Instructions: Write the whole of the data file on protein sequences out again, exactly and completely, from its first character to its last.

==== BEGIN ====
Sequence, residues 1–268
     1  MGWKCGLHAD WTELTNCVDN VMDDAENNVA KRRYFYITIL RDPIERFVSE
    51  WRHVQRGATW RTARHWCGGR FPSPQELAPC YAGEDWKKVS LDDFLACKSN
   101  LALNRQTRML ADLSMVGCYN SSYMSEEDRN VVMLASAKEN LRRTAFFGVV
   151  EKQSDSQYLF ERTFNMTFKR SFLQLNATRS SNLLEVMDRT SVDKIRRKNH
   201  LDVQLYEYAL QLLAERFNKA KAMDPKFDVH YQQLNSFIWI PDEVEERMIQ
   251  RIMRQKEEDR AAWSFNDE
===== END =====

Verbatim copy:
Sequence, residues 1–268
     1  MGWKCGLHAD WTELTNCVDN VMDDAENNVA KRRYFYITIL RDPIERFVSE
    51  WRHVQRGATW RTARHWCGGR FPSPQELAPC YAGEDWKKVS LDDFLACKSN
   101  LALNRQTRML ADLSMVGCYN SSYMSEEDRN VVMLASAKEN LRRTAFFGVV
   151  EKQSDSQYLF ERTFNMTFKR SFLQLNATRS SNLLEVMDRT SVDKIRRKNH
   201  LDVQLYEYAL QLLAERFNKA KAMDPKFDVH YQQLNSFIWI PDEVEERMIQ
   251  RIMRQKEEDR AAWSFNDE